2.Multitude of objects
3.Unfolding events
4.Objects affecting other objects (like a thing hitting another thing)
5.Colors of the objects, shapes of the objects, etc…
6.Other people looking at things
7.People doing things… performing acts like opening a door, opening a box
8.A good move in the chess game
9.A possibility to do something, like possibility to lift the cup, or possibility to open the door
10.People being sad, happy, etc…

It is really more or less random list based on some thoughts I have. I intend to argue for this in more details in some following post.

Posted in Perception, Philosophy | 9 Comments »

It Is Philosophers’ Carnival Time

Posted by Tanas Gjorgoski on December 17, 2007

#59 Here

Posted in Links, Philosophy | Leave a Comment »

How to tell if you suck at telling philosophical jokes?

Posted by Tanas Gjorgoski on December 16, 2007

Posted in Philosophy, Silly/Funny | 3 Comments »

Thinking Without Language

Posted by Tanas Gjorgoski on December 14, 2007

On Splintered Mind, Eric Schwitzgebel has a very interesting post about the relation between rationality or consciousness and language. He cites an example given in a paper by Andre Roch Lecours and Yves Joanette. It is very interesting story, please go to Eric’s place and read it first if you haven’t already.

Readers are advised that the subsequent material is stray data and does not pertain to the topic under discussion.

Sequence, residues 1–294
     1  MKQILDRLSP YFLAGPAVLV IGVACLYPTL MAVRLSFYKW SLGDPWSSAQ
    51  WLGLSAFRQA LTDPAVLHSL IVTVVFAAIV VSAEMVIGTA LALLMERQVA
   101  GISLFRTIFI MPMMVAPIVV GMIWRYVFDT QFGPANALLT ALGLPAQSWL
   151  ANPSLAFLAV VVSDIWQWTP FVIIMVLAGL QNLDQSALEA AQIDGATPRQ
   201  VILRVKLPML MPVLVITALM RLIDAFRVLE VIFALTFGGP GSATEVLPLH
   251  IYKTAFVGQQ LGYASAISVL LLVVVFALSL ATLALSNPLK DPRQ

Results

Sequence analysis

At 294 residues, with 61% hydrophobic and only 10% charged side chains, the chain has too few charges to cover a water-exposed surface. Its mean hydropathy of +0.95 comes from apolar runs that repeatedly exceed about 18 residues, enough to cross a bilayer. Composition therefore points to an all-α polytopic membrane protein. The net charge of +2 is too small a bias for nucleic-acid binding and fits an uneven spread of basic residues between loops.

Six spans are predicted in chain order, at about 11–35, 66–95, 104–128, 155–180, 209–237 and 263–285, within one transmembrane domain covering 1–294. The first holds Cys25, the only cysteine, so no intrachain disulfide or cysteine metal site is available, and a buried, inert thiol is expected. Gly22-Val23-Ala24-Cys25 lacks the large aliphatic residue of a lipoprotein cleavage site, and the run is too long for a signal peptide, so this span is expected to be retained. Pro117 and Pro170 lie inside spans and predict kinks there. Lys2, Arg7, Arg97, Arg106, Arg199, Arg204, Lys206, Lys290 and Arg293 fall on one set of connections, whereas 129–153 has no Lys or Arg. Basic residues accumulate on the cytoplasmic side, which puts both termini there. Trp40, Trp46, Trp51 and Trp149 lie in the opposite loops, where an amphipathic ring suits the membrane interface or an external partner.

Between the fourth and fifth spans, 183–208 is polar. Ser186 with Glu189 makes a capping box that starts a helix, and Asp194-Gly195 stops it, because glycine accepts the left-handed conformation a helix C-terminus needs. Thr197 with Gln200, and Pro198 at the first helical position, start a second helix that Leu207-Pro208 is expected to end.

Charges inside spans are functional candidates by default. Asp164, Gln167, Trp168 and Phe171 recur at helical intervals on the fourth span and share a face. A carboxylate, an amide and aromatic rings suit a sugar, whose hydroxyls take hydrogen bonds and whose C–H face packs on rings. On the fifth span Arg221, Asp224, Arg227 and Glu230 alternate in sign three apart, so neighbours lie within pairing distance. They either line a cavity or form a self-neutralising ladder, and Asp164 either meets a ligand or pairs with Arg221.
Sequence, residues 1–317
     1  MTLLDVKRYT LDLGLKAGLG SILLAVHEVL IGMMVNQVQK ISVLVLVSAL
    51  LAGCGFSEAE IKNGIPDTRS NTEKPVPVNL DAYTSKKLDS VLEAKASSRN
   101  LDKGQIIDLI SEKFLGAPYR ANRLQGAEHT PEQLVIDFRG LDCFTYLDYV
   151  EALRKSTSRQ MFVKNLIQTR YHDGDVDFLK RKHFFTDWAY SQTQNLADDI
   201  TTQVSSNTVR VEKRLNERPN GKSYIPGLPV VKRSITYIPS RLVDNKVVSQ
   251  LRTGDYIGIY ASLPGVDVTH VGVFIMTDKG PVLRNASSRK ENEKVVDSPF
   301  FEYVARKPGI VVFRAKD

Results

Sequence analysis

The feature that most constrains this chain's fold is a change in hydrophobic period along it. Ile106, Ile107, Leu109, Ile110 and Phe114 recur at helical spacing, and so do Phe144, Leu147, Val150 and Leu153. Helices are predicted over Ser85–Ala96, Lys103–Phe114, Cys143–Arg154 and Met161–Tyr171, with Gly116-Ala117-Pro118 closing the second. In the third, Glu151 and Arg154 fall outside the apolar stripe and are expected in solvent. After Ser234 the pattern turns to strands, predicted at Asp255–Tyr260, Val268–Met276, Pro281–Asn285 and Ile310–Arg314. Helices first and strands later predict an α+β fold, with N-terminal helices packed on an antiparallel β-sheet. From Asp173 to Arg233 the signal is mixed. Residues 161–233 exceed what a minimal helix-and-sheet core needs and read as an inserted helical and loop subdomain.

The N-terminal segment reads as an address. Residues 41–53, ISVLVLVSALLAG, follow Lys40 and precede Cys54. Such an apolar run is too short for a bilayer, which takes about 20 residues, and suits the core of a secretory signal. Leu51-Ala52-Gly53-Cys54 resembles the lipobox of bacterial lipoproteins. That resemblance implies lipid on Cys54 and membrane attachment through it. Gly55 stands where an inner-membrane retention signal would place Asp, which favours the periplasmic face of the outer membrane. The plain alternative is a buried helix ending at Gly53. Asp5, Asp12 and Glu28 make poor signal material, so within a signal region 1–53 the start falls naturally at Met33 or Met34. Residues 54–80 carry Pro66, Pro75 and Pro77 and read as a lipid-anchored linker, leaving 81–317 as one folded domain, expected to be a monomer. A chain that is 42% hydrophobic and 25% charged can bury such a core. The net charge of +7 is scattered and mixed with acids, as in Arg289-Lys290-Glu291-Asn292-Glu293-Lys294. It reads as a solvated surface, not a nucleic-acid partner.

Eric is very careful not to read too much from the “single anecdote transmitted second-hand”, but to me the conclusion from the anecdote seems pretty straightforward, and sensible.

First, wouldn’t it be hard to give a new name to a phenomenon, if we can’t think about the phenomenon without actually having words for it?

Think of the IQ tests (if you have solved one), and some of those problems with figures. When one thinks of which figure doesn’t fit, or something like that, what we do are things like rotating the figure in our minds (excuse my French), or imagining the mirror figure, or something like that. That is surely thinking and conscious act, and it doesn’t seem that it is done in language.

Take also playing of chess. A good chess player, might simply see that some move is wrong, without actually being able to explain or put into words why the move is wrong. That doesn’t mean that he isn’t aware that the move is wrong, he is fully conscious that the move is wrong, just it shows that his thinking is not done on linguistic level. Even simple tracking in the mind of the moves which are on the table doesn’t have to be correlated with words. I can be aware of the possibility of moves as such, without having words for them.

But why those “voices in our heads” then? What is their function, if we don’t think in terms of language?

Here is my thought on this…

The language is practice in the community, it is so very present that we are probably unaware just how much of our practices are related to language. Every informing, asking, expressing opinion, promising, threating, joking, and so on as social practices are related to language.  It is no wonder then, that we think of our experience in the world in terms of those practices, or to use the ‘language game’ metaphor, because we play language games so much, when we encounter different things, we tend to think  in terms of the possibilities that they relate to this playing a language games.

I want to relate this with the known phenomenon of how playing other games affect us.

Here are some examples Wired’s article Real World Doesn’t Use a Joystick:

Here is just one example, check the posts for more…